“Footsteps across a world so familiar, yet so undiscovered.
Embarking on a journey with such certainty, yet so unpredictable.
We can know nothing of what lies beneath us, until our feet have touched the ground.
And so we move steadily forwards, one step at at time, a pathway of footprints etched on the
earth behind us.”
With a great push and a shove, and a few alternative twiddles of the clutch and gas, a burst of life finally explodes from the engine, and after a brief check of passengers and baggage, the car begins its journey up Hof Street.
The morning followed its usual path of chaos, helped none by my lack of confirmation with work that I could actually take my only four shifts of the week off to go wandering up the Transkei. A number of frantic phone calls later however, all calm was restored. Calm lasted for at least 3 1/2 minutes, until the realisation dawned that I had only half an hour until departure, at which time I was standing in the middle of reception, clad in pijamas with my hair piled atop my head, fully knowing that all my worldly possessions lay in my room, still very much unorganised and equally as unpacked. A detour past the bar saw me equipped with coffee and cigarette, returning to the room and somehow re-emerging approximately 34 minutes later in full organisation. I later realised that my ‘organised’ self had failed to pack a single item of underwear…luckily the ‘natural’ way is somewhat of a preference for me, albeit slightly breezy.
Some eight or nine hours later, after a number of humorous stops at the numerous stretches of road works littering our route, (one of which saw me climbing out the window of the broken passenger door to change by the side of the road, and all of which involved another great push and shove in place of the none existent starter motor), we finally arrived at our first destination; the very picturesque (and adequately named) Natures Valley.
I actually find it quite astonishing, how so much of nothing, can fill you with so much of something. It brings you to the realisation, that our universal understanding of such concepts are surely flawed;
We surround ourselves with buildings and roads, and we fill them with material possessions and cars, and with those things in our lives we will say, “we’re happy”, that our life is complete. We will wake in the morning and play with our toys, we may even develop a routine of how we go about it, and we will say, “This is how I do things, I am in control of my life”. Then we add to our lives a schedule, to enable us to go out every day into the world, and make enough money to feed ourselves, giving us enough energy to carry on with our schedule so that we may buy more things, thus making our lives more complete. And we will say “look at all these things, don’t you see how happy I am”, and we will of course believe what we’re saying. We may have a car, so that we may reach work quicker, and make more money to buy a better car that goes even faster.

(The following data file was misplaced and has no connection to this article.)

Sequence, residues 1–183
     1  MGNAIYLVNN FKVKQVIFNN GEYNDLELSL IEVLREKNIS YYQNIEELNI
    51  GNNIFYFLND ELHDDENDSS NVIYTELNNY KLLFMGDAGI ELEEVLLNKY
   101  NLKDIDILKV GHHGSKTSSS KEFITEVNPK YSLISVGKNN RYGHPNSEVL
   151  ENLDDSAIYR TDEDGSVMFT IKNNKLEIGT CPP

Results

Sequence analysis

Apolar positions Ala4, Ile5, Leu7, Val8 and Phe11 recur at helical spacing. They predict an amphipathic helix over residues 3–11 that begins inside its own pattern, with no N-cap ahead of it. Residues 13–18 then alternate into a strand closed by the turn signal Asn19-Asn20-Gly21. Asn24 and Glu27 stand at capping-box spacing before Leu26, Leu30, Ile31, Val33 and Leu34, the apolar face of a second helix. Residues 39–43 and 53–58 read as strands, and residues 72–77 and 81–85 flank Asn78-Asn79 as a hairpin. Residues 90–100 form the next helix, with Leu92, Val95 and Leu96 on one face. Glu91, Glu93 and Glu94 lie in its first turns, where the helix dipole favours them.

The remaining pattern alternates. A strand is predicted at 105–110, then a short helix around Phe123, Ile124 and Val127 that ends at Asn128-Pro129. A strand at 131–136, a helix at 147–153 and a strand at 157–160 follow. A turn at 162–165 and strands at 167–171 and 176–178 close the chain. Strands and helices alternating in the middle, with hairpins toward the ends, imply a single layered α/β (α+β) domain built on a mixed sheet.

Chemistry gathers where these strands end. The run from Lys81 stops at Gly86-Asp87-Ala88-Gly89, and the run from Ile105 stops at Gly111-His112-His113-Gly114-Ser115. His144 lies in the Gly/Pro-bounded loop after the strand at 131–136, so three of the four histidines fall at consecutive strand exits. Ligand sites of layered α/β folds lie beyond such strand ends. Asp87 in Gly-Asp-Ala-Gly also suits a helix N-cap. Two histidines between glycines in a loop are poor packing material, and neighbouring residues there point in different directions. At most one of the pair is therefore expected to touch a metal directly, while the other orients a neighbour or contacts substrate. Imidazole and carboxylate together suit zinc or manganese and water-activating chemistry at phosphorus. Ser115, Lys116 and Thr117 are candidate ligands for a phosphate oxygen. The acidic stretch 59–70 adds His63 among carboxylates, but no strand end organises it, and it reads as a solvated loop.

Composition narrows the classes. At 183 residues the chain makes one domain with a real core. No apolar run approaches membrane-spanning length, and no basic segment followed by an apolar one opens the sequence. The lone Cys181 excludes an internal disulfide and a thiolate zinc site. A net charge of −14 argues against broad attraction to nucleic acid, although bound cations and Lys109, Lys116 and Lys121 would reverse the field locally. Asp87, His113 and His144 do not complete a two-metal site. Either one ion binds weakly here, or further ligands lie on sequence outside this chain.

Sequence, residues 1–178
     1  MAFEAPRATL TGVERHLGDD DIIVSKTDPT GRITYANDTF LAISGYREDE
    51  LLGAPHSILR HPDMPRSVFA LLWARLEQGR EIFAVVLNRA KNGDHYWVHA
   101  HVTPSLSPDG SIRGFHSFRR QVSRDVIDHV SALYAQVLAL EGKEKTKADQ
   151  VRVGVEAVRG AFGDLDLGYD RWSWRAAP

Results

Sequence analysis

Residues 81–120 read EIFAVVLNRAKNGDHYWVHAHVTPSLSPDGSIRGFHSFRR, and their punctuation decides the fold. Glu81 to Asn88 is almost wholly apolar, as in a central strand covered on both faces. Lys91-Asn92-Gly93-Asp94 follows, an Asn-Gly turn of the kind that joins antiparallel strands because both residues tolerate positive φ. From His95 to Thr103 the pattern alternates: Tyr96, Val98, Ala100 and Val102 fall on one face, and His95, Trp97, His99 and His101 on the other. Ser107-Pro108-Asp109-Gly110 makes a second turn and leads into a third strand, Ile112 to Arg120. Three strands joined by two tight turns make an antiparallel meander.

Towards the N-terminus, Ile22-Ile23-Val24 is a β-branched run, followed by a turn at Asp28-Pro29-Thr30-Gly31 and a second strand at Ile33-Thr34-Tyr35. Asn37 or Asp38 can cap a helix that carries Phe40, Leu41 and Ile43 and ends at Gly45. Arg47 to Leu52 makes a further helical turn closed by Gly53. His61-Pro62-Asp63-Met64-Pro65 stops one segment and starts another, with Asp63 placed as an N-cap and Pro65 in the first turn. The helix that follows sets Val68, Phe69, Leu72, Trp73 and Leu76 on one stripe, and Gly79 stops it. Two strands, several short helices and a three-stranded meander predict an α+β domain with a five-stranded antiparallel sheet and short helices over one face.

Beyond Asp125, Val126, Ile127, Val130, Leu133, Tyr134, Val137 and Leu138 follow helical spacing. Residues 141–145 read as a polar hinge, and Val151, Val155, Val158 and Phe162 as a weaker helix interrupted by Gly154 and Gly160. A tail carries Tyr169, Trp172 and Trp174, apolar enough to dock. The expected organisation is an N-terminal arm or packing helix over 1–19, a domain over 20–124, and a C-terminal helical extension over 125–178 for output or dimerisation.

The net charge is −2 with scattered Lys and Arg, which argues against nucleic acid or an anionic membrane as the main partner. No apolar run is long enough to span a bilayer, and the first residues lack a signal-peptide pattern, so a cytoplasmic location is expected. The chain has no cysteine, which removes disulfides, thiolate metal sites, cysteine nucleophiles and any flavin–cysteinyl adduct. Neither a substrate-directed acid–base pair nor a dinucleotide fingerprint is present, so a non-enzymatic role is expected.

We will pass by much of the world during our schedule, but we won’t see it, for our minds are consumed always by the next point, as the ‘next point’ is of course, “a matter of great importance”. And this is what we will say, when faced with a distraction, though we will be unable to tell you why we say this, so we will say “that’s just the way it is”, and we will feel happy with that answer, though it avoids the question.
And so that is how we will live our lives, forever to schedule, forever avoiding the question, forever consumed by the things we have laid around us and the toys we’ve bought to play with. Every now and then however, we will get a glimpse of the world outside of our tunnel, and if we so choose to emerge from this tunnel, and take a better look, we will find ourselves greatly rewarded. Rewarded by something completely exterior to our schedule or worldly possessions. Rewarded by the world, for taking the time to really see it, and rather than filling our toy box, it will fill our heart, encompassing our soul and setting free our mind. At first we may be astonished by this, by the fact that there’s so much of something in what we perceived to be nothing, and sometimes we may not accept it, dismissing such an unfamiliar concept in order to return to our schedule. If we do accept it however, if we keep our eyes open, if we take the time to balance, enabling us to walk over the tunnel and not through it, we will leave ourselves wide open, and the world will just keep filling, and so we will realise what it actually means to be full. We will slowly let go of our desires, and we will say nothing, for nothing needs to be said, within such a deeply mutual understanding. It is a sharing of energy between all entity, and once you dip yourself into that energy, as if seed into soil, you will find nourishment for growth, and slowly but surely, you will grow to freedom.